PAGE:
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MEC launches safer sex campaign


“Each time you or your partner have sex without protection, be reminded that you will no longer be having safe sex and will both be at risk of contracting the virus or STIs.”

AS PART of creating awareness about the dangers of sexually-transmitted infections (STIs), HIV and unplanned pregnancy in society, Northern Cape Health MEC Mase Manopole launched a massive campaign at Dithakong in the John Taolo Gaetsewe District yesterday.

The event was attended by over 800 members of the Joe Morolong Municipality community, including members of the House of Traditional Leaders and representatives from the local municipality.

The theme of the launch was “Communities Make a Difference”, and was derived from World Aids Day 2019, calling upon all members of the community to make a difference by taking a meaningful role in transforming society for better health and social outcomes.

According to the Northern Cape Department of Health spokesperson, Lebogang Majaha, the National Antenatal Survey report of 2017 shows that only 38.9% of pregnant women aged 15 to 19 years in the Northern Cape knew their HIV status prior to pregnancy.

“Our Province has also been negatively affected by 3 878 new cases of male urethritis syndrome, which is caused by gonorrhoea and accounts for approximately 70% of the cases, while 20 to 25% cases are as a result of chlamydial infection. This picture shows that 1 251 of these episodes are in the John Taolo Gaetsewe District.”

During her address, Manopole pointed out that the message was very simple. “Each time you or your partner have sex without protection, be reminded that you will no longer be having safe sex and will both be at risk of contracting the virus or STIs.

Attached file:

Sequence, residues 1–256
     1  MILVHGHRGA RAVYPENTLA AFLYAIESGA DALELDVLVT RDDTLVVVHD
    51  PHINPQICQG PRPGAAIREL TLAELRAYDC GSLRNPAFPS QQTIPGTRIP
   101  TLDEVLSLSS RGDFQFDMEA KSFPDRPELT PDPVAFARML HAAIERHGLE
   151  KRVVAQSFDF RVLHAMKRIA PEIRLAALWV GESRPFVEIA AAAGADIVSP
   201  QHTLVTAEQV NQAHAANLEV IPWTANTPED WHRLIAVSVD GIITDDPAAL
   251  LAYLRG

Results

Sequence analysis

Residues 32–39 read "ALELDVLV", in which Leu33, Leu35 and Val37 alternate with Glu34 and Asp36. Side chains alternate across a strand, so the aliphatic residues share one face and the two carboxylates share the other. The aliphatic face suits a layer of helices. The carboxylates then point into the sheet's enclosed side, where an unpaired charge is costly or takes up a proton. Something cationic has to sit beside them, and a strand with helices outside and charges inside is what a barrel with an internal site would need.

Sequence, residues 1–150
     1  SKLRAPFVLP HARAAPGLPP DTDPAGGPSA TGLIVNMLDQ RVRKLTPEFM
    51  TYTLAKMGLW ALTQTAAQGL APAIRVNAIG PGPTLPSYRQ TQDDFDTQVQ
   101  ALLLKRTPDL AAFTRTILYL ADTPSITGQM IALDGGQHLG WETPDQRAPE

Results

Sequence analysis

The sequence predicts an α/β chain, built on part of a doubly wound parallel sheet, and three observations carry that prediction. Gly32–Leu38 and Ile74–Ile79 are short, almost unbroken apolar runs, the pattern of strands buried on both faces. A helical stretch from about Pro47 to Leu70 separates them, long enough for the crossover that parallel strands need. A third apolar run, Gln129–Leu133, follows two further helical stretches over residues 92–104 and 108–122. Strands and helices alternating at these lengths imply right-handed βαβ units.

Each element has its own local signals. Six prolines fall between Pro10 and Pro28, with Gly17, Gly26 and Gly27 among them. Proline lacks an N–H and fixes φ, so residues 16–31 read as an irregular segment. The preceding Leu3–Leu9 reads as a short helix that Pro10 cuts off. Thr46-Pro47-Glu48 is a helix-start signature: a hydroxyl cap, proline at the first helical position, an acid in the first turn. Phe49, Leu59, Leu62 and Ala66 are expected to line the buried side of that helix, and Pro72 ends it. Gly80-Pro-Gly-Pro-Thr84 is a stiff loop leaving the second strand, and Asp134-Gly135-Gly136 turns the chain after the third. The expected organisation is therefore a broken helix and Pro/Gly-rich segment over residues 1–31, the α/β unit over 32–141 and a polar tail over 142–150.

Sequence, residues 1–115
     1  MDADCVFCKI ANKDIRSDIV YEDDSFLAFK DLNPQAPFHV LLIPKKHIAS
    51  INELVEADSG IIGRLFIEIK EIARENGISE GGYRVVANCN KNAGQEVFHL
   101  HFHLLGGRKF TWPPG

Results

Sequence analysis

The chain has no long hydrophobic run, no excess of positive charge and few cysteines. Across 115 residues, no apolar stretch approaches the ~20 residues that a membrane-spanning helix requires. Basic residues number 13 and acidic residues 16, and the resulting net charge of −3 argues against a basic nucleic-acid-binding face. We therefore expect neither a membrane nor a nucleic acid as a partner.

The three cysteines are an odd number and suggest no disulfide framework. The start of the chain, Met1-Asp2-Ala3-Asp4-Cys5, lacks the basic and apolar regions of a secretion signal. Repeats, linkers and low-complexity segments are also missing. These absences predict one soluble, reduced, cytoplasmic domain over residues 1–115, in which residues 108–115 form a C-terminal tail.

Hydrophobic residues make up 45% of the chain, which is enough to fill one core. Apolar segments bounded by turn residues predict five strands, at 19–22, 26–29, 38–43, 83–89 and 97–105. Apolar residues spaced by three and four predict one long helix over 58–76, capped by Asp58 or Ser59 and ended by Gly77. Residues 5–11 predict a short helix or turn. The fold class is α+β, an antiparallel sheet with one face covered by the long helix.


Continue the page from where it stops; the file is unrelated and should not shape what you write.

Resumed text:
“Therefore, each time you have sex, choose to use a condom. Sex with a condom is considered safe sex, as long as you are using the condom correctly and are using it with your partner.”

Manopole added that STIs and condom awareness remained an integral part of the public health campaign. “Breast cancer, along with cervical cancer, has been identified as a key priority in our Province and is a leading cause of deaths among women in our country.”

Manopole further committed to intensify the health screening and HPV campaigns in schools.

She also used the opportunity to announce the B-Wise initiative. This is an interactive cellphone health platform aimed at empowering adolescents and youth to make the right choices based on accurate information.

The primary target is young people between the ages of 10 to 24 years, both in and out of school. Secondary targets include health care providers, parents, teachers and other partners. She urged adolescents and youth to register on the network/App.

With regards to creating awareness on pregnancy, Manopole highlighted that although pregnancy was a normal phenomenon, hypertension, obstetric haemorrhage and HIV were the main cause of death among pregnant women.

“The department has come up with mechanisms to prevent death, including a programme where all pregnant women are urged to book for antenatal care before 20 weeks in order to identify the complications early and treat them promptly.”

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